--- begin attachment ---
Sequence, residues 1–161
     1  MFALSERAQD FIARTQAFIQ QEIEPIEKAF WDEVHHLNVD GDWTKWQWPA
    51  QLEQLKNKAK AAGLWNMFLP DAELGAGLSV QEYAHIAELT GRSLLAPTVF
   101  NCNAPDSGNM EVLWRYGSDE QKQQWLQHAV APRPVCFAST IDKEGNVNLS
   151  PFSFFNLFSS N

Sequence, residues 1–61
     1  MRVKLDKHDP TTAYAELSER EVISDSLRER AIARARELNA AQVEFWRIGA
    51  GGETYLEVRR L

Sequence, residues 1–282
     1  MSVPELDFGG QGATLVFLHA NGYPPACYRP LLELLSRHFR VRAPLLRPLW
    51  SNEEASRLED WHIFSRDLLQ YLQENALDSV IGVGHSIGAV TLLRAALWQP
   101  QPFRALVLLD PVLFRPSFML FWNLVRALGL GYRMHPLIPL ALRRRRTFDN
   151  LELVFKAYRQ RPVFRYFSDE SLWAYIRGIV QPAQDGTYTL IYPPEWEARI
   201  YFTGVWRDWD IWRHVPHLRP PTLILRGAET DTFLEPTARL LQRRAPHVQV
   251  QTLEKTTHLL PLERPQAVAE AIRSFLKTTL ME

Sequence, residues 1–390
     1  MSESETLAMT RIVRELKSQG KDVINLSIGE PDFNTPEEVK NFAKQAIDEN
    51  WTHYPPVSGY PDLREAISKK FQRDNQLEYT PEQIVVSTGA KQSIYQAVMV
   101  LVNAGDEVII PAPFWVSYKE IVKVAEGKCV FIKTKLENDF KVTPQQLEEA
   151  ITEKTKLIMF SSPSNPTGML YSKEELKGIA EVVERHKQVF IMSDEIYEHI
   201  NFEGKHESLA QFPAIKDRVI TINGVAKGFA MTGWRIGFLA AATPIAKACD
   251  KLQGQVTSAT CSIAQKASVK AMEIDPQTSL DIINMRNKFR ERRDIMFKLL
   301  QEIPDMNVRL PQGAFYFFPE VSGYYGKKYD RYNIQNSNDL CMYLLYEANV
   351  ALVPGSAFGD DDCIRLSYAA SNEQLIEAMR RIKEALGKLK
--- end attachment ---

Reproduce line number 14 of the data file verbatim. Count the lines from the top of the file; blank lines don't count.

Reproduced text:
   201  YFTGVWRDWD IWRHVPHLRP PTLILRGAET DTFLEPTARL LQRRAPHVQV